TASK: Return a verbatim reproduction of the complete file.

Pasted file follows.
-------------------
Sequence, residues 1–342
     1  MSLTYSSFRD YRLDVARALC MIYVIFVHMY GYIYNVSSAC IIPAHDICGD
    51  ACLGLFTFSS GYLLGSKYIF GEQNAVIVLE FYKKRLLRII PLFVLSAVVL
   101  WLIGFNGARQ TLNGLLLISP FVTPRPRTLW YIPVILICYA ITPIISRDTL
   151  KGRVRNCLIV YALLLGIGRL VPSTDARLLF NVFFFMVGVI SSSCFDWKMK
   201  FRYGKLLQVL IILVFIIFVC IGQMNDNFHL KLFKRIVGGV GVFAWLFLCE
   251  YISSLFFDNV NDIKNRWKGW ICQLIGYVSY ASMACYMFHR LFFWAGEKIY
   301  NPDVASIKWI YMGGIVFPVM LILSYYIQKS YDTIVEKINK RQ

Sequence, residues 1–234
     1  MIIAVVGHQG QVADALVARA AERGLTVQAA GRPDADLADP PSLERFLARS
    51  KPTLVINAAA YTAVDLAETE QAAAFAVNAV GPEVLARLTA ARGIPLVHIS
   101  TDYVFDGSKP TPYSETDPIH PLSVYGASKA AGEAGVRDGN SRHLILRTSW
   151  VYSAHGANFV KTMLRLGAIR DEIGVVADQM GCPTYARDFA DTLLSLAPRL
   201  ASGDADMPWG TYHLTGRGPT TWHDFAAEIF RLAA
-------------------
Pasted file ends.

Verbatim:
Sequence, residues 1–342
     1  MSLTYSSFRD YRLDVARALC MIYVIFVHMY GYIYNVSSAC IIPAHDICGD
    51  ACLGLFTFSS GYLLGSKYIF GEQNAVIVLE FYKKRLLRII PLFVLSAVVL
   101  WLIGFNGARQ TLNGLLLISP FVTPRPRTLW YIPVILICYA ITPIISRDTL
   151  KGRVRNCLIV YALLLGIGRL VPSTDARLLF NVFFFMVGVI SSSCFDWKMK
   201  FRYGKLLQVL IILVFIIFVC IGQMNDNFHL KLFKRIVGGV GVFAWLFLCE
   251  YISSLFFDNV NDIKNRWKGW ICQLIGYVSY ASMACYMFHR LFFWAGEKIY
   301  NPDVASIKWI YMGGIVFPVM LILSYYIQKS YDTIVEKINK RQ

Sequence, residues 1–234
     1  MIIAVVGHQG QVADALVARA AERGLTVQAA GRPDADLADP PSLERFLARS
    51  KPTLVINAAA YTAVDLAETE QAAAFAVNAV GPEVLARLTA ARGIPLVHIS
   101  TDYVFDGSKP TPYSETDPIH PLSVYGASKA AGEAGVRDGN SRHLILRTSW
   151  VYSAHGANFV KTMLRLGAIR DEIGVVADQM GCPTYARDFA DTLLSLAPRL
   201  ASGDADMPWG TYHLTGRGPT TWHDFAAEIF RLAA